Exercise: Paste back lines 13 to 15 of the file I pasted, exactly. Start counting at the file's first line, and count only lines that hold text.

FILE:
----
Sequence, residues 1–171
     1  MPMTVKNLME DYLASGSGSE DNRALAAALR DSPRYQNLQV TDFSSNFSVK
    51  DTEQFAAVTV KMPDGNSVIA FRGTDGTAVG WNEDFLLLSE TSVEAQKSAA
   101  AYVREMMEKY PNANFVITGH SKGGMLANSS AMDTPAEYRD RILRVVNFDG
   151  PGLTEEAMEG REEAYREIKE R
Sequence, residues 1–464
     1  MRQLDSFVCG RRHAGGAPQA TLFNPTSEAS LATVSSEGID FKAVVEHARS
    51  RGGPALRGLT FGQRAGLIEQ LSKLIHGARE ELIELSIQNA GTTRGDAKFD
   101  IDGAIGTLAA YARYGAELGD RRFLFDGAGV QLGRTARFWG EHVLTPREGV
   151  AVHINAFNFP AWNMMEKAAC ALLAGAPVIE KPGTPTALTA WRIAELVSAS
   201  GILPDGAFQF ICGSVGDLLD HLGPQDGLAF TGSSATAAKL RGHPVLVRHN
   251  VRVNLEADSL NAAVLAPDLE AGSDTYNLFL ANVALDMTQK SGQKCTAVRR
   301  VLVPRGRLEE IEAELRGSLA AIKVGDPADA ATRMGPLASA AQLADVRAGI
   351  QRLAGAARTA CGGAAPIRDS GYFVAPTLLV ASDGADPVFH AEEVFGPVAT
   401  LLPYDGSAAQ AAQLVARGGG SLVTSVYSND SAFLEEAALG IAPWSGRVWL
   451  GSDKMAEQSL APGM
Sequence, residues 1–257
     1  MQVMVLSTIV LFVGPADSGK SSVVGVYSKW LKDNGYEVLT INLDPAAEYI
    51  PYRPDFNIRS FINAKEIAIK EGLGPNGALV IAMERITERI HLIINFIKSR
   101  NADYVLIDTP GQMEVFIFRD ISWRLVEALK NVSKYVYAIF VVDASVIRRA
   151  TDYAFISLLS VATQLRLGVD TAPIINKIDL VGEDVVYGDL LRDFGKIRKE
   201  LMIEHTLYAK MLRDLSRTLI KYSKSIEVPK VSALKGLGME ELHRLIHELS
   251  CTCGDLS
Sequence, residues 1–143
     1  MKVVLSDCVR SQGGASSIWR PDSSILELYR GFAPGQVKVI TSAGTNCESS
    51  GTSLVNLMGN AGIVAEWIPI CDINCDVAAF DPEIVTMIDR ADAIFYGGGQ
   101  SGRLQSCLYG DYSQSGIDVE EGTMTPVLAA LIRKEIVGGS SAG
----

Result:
   301  VLVPRGRLEE IEAELRGSLA AIKVGDPADA ATRMGPLASA AQLADVRAGI
   351  QRLAGAARTA CGGAAPIRDS GYFVAPTLLV ASDGADPVFH AEEVFGPVAT
   401  LLPYDGSAAQ AAQLVARGGG SLVTSVYSND SAFLEEAALG IAPWSGRVWL